When my Aunt Dulcie died 3 years ago (and who I cared for during her last few months) I felt that tangle of emotion that many of us feel in bereavement. A tussle between clearing out and hanging on, emotionally and materially. Dulcie was a child of the inter-war years, and whilst I wouldn’t say a hoarder, she certainly felt that everything that came into the home, however redundant it seemed to me, would at some stage have a use again. Moving her from her home of 50 years to a bungalow close by took its toll on both of us, for different reasons, and primarily because those possessions were so much more to her than that; they were part of her DNA, her life, her personal history and geography. She had a LOT of personal history and geography, having travelled widely and a full career as a teacher, and many, many hobbies and pastimes. Whilst I tried hard to accomodate her emotional attachment, I can’t change the laws of nature, and a quart into a pint pot won’t fit! Although we did eventually compromise on a level of decluttering and simplifying, the question of what to do with her belongings was no simpler for me after her death. Boxes of slides, that would never, realistically see the light of day again. Countless notebooks; she kept her household accounts in meticulous detail for all her adult life. I made this journal to celebrate her life (I didn’t plan it that way, it just sort of happened); using slides and prints from her youth, with background pages torn from her accounts and notebooks. I think she would appreciate the sentiment behind it. Those details from our lives making up something that will be passed on down the line. (I also salvaged numerous sewing patterns and maps, for use in craft projects!)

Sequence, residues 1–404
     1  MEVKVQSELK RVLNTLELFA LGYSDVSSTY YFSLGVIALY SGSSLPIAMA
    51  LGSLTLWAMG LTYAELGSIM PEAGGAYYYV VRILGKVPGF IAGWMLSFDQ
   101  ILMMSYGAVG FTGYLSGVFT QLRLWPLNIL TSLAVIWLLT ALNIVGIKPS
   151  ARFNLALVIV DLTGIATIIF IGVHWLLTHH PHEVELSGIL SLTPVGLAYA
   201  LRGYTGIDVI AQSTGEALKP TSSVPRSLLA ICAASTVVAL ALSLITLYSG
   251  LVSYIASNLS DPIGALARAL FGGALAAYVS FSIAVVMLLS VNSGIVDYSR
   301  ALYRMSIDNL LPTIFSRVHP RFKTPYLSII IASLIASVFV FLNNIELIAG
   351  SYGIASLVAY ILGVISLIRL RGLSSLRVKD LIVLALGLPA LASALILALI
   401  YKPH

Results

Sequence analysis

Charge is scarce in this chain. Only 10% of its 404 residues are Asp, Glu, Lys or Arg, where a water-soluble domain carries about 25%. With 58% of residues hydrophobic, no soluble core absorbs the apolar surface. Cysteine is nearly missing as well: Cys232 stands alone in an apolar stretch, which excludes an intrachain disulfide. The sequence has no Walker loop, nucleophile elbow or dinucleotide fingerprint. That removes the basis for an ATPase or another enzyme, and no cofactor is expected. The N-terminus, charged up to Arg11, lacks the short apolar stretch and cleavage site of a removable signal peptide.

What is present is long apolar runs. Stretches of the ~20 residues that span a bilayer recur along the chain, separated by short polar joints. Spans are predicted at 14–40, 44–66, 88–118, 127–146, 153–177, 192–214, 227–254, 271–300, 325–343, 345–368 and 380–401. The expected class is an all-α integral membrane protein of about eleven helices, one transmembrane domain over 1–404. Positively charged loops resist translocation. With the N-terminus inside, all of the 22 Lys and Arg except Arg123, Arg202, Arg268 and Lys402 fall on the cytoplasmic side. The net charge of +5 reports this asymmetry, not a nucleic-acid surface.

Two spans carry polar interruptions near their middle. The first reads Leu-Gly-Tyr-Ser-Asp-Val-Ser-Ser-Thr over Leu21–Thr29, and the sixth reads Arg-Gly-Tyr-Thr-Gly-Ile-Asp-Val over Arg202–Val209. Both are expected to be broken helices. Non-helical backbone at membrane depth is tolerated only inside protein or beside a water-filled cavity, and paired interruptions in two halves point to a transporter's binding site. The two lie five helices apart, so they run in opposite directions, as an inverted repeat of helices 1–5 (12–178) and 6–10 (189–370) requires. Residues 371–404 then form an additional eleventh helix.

There is also a lot of ME in the journal. When I was making it I was reading a book called The Night Circus. Great read; anyway, a few pages fell out of the middle, which I thought I’d use in the journal; those are the little snippets of sentences you can see. One sentence jumped out at me ; ‘Esse quam Videri.’ The translation is, To be, rather than to seem. And that was Dulcie, perfectly.